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Geeky Humor

SQL Injection

Learning security ‘by examples’….

(Should I be worried about finding it funny?)

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Playing with MQTT

Recently I spent some time looking for a smart way to interact with my ‘Internet-enabled’ devices (basically Arduino + sensors, LEDs + Ethernet shield combinations) through a web interface. There are a lot of projects already completed and working out there, but my nerdiness imposed me to build my very own starting from scratch. The basic idea, not very original, is to have a technology stack that allows the device to send and receive data using standard TCP/IP connectivity. Continue reading

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Global photographer?

To me, it’s always been sort of a booster for my self-esteem to find photos from my online portfolio used to illustrate someone else’s article, post or blog entry (with proper credit, of course). I even adopted a CC license schema to allow and promote such things. But sometimes it’s, ehm, advisable to investigate a little further on the blog’s or article topic to avoid being considered a kind of supporter of ideas that are exactly the opposite of my thinking or worse (or maybe not, but one’s never knows…).

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Cardboard tronics!

After playing with the XBee modules for a while I felt ready to leave the breadboard for a more ‘permanent’ circuit. Remember the wireless temperature sensor built here? My target was to put together some kind of PCB where to connect the XBee end device, the thermistor, the battery case to power the whole stuff and all the other components in order to have something stable and a bit more reliable, I had some tests on battery duration waiting to be performed. And I’d like to put my data on Cosm, too. Continue reading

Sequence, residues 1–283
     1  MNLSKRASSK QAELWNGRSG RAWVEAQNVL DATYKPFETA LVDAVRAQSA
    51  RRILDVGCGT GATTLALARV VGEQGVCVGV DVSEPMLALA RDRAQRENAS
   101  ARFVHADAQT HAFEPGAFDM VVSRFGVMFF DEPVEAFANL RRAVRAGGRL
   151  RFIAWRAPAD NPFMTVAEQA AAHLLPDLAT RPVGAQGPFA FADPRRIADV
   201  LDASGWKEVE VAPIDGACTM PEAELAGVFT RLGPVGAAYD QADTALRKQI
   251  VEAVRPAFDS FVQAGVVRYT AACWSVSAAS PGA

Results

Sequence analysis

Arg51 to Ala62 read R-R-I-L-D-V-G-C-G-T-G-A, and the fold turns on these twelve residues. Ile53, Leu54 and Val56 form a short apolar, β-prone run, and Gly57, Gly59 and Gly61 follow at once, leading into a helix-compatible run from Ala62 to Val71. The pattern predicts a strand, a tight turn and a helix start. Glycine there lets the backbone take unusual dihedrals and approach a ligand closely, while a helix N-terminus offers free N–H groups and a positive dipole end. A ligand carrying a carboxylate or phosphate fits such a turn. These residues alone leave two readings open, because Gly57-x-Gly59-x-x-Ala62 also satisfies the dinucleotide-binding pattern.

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Arduino, Zigbee e le infinite possibilità (6)

Ed eccoci qui a parlare, questa volta, delle opzioni di risparmio energetico incluse nei moduli XBee con cui ormai abbiamo acquisito una certa familiarità.

Una rete di sensori wireless, come dice la parola, può anche dover fare a meno della rete di alimentazione, affidandosi a batterie più o meno capaci per garantire le comunicazioni all’interno della rete stessa, ed è quindi fondamentale conoscere come è possibile configurare i moduli per ottenere il minore consumo in assoluto: in alcuni casi possiamo allungare la durata della batteria anche di anni!

Come fare è presto detto: i moduli XBee configurati come End Device permettono di attivare una modalità ‘sleep’ in cui la radio è sostanzialmente dormiente, con consumi prossimi allo zero, ed ‘risvegliata’ ciclicamente per trasmettere o ricevere dati. La durata del ciclo di sleep può essere configurata a piacere, e può andare da pochi millisecondi fino a più di tre settimane, e in modo analogo può essere configurata la fase di attività.

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Binary creatures

Need some quick framework to display your data (like, ehm, these)? Or you’re up to something completely different, like a new groundbreaking idea on creating artificial music (like this one, be sure to check out the video)? Processing can be what you’re looking for. Is a Java based programming language coming together with  a nice IDE (a plugin for Eclipse is also available), born to create images and animations and to support complex interactions with a very limited coding effort.

I used it to write a very tiny application (no more than 200 LOC) that simulates the life of….a dot (or, better, a couple of dots). Continue reading

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Google greetings

This is how the Google homepage looks like today on my browser (yes, it’s my birthday):

Somewhere I wrote down my birth date while opening an account on G+ or YouTube, I suppose, otherwise I would feel a bit, ehm, scared……